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Narrative thinking and innovation: John Seely Brown

Engineering and ecological viewpoints

If God thought like today's engineer, our head would be a giant block of steel in order to stabilize our eyeballs. But what does God do? He says, "I've got a noisy system here. Can I cancel the noise?" That's God. Clever God. God says, "Well, sure, I could cancel it by a lot of neurological structures and so forth, but can I use that noise to good avail?" Lo and behold, our visual system takes these high-frequency vibrations in our eye and does a vernier computation over a random distribution of rods and cones and enables us to resolve distances less than half the diameter of a rod or a cone.

Interview in Wired magazine, August 2000 with John Seely Brown, Chief Scientist, Xerox Corp, coauthor of 'The Social Life of Information'

Research on the nature of knowledge in Xerox PARC, at Lotus Institute, and at the Institute for the Future, has led to a clearer understanding of the differences between engineering and ecological points of view. Narrative thinking provides easy and direct access into the ecological thinking, the home of novelty and innovation, while abstract analytic thinking is the home of the traditional engineer intent on control.

a. Knowledge by Design

Knowledge by design is everything that engineers have learned about innovation in the past century. It is the aggressive application of scientific discovery to practical invention. It is rationally optimistic. It asks: How do we get from here to there? And it believes that there's a logical path--a more or less straight line to the goal--if not now, then next year or the year after.

From this point of view, knowledge is something you can measure (even if not absolutely). It's something you can trade for a certain value, an asset you can put on the balance sheet and track from quarter to quarter. It's a resource, too, something you can extract from stores of information, the way you extract a precious mineral from rock. Or you can create it from scratch, the way chemists invent original molecules. It is, in fact, an object.

The pursuit of intellectual capital is well within this camp. So are many of the guidebooks on creativity and innovation, which share the designer's love of posing problems and finding unique solutions. The artificial intelligence of the 1970s, which attempted to capture human expertise in a machine, starts from this point of view. So do more modern taxonomical approaches to organizational knowledge, from structured databases to structured Web sites to structured conversations.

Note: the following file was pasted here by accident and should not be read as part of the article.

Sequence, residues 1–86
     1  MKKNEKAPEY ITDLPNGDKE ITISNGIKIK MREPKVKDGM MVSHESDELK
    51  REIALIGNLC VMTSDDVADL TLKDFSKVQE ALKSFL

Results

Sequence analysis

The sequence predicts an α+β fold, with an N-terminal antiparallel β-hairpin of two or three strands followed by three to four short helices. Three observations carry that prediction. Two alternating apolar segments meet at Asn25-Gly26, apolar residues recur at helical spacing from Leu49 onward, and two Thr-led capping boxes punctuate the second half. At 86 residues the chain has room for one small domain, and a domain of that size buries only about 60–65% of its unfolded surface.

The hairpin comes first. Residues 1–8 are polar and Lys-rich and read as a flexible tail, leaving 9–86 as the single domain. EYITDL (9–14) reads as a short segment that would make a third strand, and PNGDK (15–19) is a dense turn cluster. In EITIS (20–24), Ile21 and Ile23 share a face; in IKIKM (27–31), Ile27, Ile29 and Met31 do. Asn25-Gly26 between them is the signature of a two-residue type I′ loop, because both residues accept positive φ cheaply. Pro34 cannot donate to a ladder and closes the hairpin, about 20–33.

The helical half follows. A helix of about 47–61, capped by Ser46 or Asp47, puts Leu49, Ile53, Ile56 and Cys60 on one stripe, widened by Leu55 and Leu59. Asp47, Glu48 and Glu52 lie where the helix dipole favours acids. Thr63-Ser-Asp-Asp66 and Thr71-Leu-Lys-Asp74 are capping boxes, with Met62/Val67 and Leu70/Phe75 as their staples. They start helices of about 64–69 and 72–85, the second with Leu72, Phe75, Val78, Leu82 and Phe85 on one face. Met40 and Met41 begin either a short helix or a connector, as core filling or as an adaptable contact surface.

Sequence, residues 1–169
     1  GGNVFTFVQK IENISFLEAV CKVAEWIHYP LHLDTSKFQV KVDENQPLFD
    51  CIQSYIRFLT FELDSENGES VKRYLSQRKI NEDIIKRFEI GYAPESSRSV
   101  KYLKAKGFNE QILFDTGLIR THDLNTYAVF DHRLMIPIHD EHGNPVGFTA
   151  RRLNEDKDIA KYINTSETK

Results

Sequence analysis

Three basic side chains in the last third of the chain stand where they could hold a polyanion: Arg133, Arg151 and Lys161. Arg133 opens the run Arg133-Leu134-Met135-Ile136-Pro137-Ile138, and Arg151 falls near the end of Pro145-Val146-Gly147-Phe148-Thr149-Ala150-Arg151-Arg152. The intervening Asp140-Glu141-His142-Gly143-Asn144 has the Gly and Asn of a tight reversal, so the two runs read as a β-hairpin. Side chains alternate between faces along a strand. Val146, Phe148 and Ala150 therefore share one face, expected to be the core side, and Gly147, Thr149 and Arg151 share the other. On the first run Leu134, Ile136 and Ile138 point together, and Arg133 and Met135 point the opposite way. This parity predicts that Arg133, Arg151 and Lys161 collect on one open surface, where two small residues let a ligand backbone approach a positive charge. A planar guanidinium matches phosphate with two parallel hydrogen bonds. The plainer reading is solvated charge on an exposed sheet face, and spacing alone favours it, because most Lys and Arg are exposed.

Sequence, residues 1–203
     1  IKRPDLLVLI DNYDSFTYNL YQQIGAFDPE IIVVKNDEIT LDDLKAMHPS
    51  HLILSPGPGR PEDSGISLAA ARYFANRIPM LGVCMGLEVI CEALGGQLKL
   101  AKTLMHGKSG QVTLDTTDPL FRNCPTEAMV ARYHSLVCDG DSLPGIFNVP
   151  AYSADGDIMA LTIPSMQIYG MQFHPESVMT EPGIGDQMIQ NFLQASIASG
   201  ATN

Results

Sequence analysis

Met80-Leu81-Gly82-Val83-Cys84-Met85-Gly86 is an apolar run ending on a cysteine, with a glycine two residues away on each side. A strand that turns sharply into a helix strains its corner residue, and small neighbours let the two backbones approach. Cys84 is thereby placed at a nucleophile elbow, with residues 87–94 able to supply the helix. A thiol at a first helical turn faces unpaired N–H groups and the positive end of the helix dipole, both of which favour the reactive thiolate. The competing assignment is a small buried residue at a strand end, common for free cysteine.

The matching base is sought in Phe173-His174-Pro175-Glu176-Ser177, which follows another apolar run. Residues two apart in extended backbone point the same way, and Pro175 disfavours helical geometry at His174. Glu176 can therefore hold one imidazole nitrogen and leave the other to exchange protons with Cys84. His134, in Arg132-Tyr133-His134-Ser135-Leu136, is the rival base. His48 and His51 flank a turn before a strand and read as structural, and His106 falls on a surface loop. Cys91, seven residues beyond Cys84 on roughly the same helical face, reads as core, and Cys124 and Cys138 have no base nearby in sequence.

Knowledge by design focuses on figure and foreground. Its great appeal is the sense of control--of making sense out of no-sense, of making something out of nothing. Its great vulnerability is that it creates knowledge by exclusion, by drawing boundaries. Sometimes the boundaries are mis-drawn. Sometimes what's outside the boundaries is actually more important than what's inside. Ultimately, the boundaries may inhibit innovation--and exclude novel points of view.

Economically, knowledge by design may produce diminishing returns. The overhead to design knowledge, to capture it intentionally, and to impose structures on complex processes reduces the profit margin on knowledge--as well as other products and services. Also, knowledge by design may simply fail. As much as humans like to create novel structures, they resist submitting to them.

b. Knowledge by emergence

Knowledge by emergence begins with both faith and humility. It sees humanity as a limitless source of novelty and invention that suffers when constrained by too many limits. It invokes higher processes--complexities beyond the scope of human minds. It champions freedom, interaction, organic growth in a multitude of directions. It's as interested in the unknown as it is in the known--maybe more.

Analogies: knowledge is a wave, a flow, a process. It's an ecology, a whole system of interacting patterns. The patterns are inseparable from the whole. It's impossible to extract knowledge from anything. Instead, one gardens. Knowledge grows. It emerges out of a fertile field, tended by people interacting with people, with their environment, with ideas. Even when technology enters the picture, this point of view is human-centered. It wants the technology to adapt to people and not the other way around.

Those who see knowledge as an ecology also tend to see organizations as living systems. They are interested in questions of evolution, of the deep, enduring patterns that drive change and provide continuity. One of their primary tenets is that organisms at all levels are self-organizing. Here is the faith--that order emerges spontaneously out of chaos.

Knowledge by emergence honors background--the tacit, the mysterious, the unformed. Its best trick is to sense what isn't obvious, to gather insights in the periphery and let these insights feed clear vision. This can be a transformational insight, a leap to a new level of intelligence. Knowledge by emergence is vulnerable, however, to the chaos it respects. It's difficult to direct, and it may not deliver on a deadline.

This uncertainty doesn't bother the faithful. They have a longer view and are frustrated by those who want to control. (From the Institute for the Future)


Stephen Denning: The Secret Language of Leadership: How Leaders Inspire Action Through Narrative (Jossey-Bass: October 2007)

Stephen Denning, The Springboard: How Storytelling Ignites Action in Knowledge-Era Organizations. Boston, London, Butterworth Heinemann, October 2000, chapters 4, 12

Stephen Denning: The Leader's Guide to Storytelling (Jossey-Bass, 2005) chapter 11 on innovation.

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